electrode

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electrode

 [e-lek´trōd]
either of two terminals of an electrically conducting system or cell; specifically, the uninsulated portion of a lead that is in direct contact with the body.
active electrode therapeutic electrode.
calomel electrode one capable of both collecting and giving up chloride ions in neutral or acidic aqueous media, consisting of mercury in contact with mercurous chloride; used as a reference electrode in pH measurements.
depolarizing electrode an electrode that has a resistance greater than that of the portion of the body enclosed in the circuit.
hydrogen electrode an electrode made by depositing platinum black on platinum and then allowing it to absorb hydrogen gas to saturation; used in determination of hydrogen ion concentration.
indifferent electrode one larger than a therapeutic electrode, dispersing electrical stimulation over a larger area.
point electrode an electrode having on one end a metallic point; used in applying current.
therapeutic electrode one smaller than an indifferent electrode, producing electrical stimulation in a concentrated area; called also active electrode.
Miller-Keane Encyclopedia and Dictionary of Medicine, Nursing, and Allied Health, Seventh Edition. © 2003 by Saunders, an imprint of Elsevier, Inc. All rights reserved.

e·lec·trode

(ē-lek'trōd),
1. Device to record one of the two extremities of an electric circuit; one of the two poles of an electric battery or of the end of the conductors connected thereto.
2. An electrical terminal specialized for a particular electrochemical reaction.
[electro- + G. hodos, way]
Farlex Partner Medical Dictionary © Farlex 2012

electrode

Cardiac pacing A part of an electric conductor through which a current enters or leaves; uninsulated conductive part of a pacing lead or a unipolar implantable pulse generator's casing which makes electrical contact with tissue; electrodes are used to record the electric activity of contracting muscles; electromyographic data is collected by surface electrodes, fine wire and needle electrodes. See Ring electrode, SilverBullet electrode, Tip electrode.
McGraw-Hill Concise Dictionary of Modern Medicine. © 2002 by The McGraw-Hill Companies, Inc.

e·lec·trode

(ĕ-lek'trōd)
1. Device to record one of the two extremities of an electric circuit; one of the two poles of an electric battery or of the end of the conductors connected thereto.
2. An electrical terminal specialized for a particular electrochemical reaction.
[electro- + G. hodos, way]
Medical Dictionary for the Health Professions and Nursing © Farlex 2012

Electrode

Medium for conducting an electrical current-in this case, platinum wires.
Gale Encyclopedia of Medicine. Copyright 2008 The Gale Group, Inc. All rights reserved.

e·lec·trode

(ĕ-lek'trōd)
Device to record one of two extremities of an electric circuit; one of two poles of an electric battery or of the end of the conductors connected thereto.
[electro- + G. hodos, way]
Medical Dictionary for the Dental Professions © Farlex 2012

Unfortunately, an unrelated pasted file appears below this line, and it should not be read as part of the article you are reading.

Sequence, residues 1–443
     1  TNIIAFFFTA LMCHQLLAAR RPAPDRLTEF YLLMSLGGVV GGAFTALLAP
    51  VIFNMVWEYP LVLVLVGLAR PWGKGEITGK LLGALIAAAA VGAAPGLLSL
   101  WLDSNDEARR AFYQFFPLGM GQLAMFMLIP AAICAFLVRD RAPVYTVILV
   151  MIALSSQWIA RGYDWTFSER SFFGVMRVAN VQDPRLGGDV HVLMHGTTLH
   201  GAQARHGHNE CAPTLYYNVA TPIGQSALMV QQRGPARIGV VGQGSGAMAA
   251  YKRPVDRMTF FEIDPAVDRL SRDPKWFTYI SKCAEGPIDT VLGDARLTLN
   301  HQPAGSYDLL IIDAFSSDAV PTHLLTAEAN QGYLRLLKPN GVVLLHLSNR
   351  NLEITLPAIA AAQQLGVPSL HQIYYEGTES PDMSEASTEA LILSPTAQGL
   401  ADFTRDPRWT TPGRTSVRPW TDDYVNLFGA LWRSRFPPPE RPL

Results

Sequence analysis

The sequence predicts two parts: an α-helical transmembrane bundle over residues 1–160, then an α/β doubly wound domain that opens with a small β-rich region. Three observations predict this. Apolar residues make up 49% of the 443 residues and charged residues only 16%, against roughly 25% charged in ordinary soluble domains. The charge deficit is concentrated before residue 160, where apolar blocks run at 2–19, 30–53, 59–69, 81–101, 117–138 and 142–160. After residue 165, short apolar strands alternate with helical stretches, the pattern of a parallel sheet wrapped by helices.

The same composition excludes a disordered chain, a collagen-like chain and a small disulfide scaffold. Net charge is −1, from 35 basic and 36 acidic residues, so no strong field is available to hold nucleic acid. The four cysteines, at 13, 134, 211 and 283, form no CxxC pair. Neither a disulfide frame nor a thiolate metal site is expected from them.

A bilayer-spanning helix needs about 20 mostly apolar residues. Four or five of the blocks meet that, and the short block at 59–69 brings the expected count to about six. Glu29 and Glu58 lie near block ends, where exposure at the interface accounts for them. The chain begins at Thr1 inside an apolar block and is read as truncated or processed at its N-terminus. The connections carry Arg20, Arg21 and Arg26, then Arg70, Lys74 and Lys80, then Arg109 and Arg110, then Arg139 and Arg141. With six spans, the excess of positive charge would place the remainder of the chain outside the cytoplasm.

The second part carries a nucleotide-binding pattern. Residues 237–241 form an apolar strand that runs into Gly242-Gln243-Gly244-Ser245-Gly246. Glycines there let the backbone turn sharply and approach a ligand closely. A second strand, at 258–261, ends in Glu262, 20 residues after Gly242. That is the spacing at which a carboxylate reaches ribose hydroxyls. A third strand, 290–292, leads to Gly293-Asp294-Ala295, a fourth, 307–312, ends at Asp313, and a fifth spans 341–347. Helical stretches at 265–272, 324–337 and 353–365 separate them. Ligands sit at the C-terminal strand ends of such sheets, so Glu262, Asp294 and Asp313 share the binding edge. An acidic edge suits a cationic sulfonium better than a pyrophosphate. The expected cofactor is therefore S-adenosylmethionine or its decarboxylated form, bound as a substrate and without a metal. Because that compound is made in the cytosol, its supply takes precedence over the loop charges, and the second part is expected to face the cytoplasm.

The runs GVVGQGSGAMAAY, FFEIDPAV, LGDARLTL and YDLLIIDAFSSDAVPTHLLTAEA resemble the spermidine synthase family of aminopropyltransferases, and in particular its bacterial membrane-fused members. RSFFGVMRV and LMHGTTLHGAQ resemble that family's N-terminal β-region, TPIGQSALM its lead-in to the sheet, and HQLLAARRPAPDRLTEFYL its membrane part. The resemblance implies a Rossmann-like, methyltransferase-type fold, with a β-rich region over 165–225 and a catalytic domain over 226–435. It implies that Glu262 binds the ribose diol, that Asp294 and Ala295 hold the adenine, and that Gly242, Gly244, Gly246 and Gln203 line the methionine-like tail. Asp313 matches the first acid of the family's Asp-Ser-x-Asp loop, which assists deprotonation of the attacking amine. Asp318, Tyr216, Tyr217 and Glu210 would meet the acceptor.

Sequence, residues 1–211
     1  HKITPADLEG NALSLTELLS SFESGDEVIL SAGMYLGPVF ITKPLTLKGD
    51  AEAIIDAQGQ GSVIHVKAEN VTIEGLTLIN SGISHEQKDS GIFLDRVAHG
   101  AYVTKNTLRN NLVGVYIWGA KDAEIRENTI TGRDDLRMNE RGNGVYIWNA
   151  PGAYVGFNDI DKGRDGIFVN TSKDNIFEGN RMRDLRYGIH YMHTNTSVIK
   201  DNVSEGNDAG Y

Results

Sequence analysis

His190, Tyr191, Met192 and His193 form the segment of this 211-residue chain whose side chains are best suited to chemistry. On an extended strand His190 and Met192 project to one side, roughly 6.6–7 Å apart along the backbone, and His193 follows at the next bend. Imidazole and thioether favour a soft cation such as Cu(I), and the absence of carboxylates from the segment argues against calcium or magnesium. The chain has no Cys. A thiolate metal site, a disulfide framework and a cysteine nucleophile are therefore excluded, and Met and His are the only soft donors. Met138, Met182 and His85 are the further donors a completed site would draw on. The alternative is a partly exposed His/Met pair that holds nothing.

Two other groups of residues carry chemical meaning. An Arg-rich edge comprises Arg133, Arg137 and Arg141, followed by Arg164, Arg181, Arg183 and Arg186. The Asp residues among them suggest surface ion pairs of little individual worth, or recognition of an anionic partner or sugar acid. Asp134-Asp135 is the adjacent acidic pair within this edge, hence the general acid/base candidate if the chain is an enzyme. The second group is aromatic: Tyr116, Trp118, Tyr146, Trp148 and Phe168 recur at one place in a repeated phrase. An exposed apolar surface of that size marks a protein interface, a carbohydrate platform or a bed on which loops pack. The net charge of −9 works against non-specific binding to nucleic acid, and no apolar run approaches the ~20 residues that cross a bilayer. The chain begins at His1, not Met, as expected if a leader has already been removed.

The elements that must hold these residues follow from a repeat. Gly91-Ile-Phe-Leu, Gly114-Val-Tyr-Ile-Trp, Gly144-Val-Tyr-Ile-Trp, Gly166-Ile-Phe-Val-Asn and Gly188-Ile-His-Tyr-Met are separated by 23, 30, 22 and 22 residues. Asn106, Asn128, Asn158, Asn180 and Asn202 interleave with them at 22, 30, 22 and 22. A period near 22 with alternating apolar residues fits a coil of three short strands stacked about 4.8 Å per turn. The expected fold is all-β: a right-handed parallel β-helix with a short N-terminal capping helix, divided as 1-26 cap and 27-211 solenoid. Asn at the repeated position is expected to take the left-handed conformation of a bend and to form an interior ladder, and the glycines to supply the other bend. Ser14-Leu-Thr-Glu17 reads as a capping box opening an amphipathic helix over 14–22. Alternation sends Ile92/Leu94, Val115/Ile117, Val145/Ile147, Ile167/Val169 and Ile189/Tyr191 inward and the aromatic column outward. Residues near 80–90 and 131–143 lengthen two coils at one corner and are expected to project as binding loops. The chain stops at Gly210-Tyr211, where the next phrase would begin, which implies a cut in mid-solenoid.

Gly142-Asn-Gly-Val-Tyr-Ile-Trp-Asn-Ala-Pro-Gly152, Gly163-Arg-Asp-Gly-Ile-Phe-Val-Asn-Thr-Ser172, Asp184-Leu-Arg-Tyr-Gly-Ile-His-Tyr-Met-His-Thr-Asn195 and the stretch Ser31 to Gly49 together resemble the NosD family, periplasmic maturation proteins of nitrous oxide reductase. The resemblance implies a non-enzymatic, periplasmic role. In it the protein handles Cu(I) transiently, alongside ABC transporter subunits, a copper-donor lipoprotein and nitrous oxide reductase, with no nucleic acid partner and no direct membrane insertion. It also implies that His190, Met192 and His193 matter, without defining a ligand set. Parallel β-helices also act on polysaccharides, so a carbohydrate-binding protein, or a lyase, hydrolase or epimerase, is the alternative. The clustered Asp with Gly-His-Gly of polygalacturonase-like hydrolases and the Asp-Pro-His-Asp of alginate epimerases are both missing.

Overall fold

References in periodicals archive ?
However, advantage of the spherical system, supplied with the reduced number of the recording electrodes, was a symmetrical distribution of local potential extrema (maxima and minima) with regard to the center of the sphere displaying the thorax surrounding the heart.
[9] Sensory NCV were normally obtained by orthodromic technique, using supramaximal stimuli by digital ring electrode on finger and recording electrode over the nerve.
For orthodromic sensory conduction of median nerve, surface recording electrode was placed 3cm proximal to the distal wrist crease and a reference electrode at 3cm proximal to recording electrode.
The electrotonic potential produced by injecting a hyperpolarizing current pulse (100 ms, 80 nA) was recorded while the distance between the current and recording electrodes, along the ventral longitudinal midline of the heart, was varied.
It is important to ensure a supramaximal stimulation keeping the cathode close to the active recording electrode. This prevents hyperpolarization effect of anode and anodal conduction block.
Both the SFN- and CN-jitters reflect a similar physiological phenomenon (variability in the arrival time of muscle fiber action potentials to the recording electrode) and clinical significance.
A recording electrode was subsequently implanted inside the animal in the region of the superficial ophthalmic ampullary cluster.
It is important to ensure a supra maximal stimulation keeping the cathode close to the active recording electrode. This prevents hyper polarization effect of anode and anodal conduction block.
The electrical response is called compound muscle action potential (CMAP), which is the summated activity of muscle fibres in the region of recording electrode innervated by the nerve.
It worked on epilepsy patients who had already had recording electrodes placed on their brains to assess the origins of their seizures, ahead of surgery.
Surface EMGdi was measured with patients in a semi-recumbent or seated position, as previously described.[9] After skin preparation, two pairs of recording electrodes (RED DOT, USA) were separately placed at the intersection point of the sixth and eighth intercostal space and the anterior axillary line.

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